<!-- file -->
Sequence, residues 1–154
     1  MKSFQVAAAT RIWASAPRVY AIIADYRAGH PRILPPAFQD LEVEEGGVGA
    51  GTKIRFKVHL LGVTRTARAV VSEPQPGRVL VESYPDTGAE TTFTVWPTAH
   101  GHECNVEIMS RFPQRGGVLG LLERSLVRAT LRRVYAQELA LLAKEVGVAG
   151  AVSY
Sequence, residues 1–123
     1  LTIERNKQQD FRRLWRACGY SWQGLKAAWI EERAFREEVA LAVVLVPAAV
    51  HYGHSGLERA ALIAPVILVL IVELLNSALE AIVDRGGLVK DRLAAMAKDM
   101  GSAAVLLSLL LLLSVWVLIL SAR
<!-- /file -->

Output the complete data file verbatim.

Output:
Sequence, residues 1–154
     1  MKSFQVAAAT RIWASAPRVY AIIADYRAGH PRILPPAFQD LEVEEGGVGA
    51  GTKIRFKVHL LGVTRTARAV VSEPQPGRVL VESYPDTGAE TTFTVWPTAH
   101  GHECNVEIMS RFPQRGGVLG LLERSLVRAT LRRVYAQELA LLAKEVGVAG
   151  AVSY
Sequence, residues 1–123
     1  LTIERNKQQD FRRLWRACGY SWQGLKAAWI EERAFREEVA LAVVLVPAAV
    51  HYGHSGLERA ALIAPVILVL IVELLNSALE AIVDRGGLVK DRLAAMAKDM
   101  GSAAVLLSLL LLLSVWVLIL SAR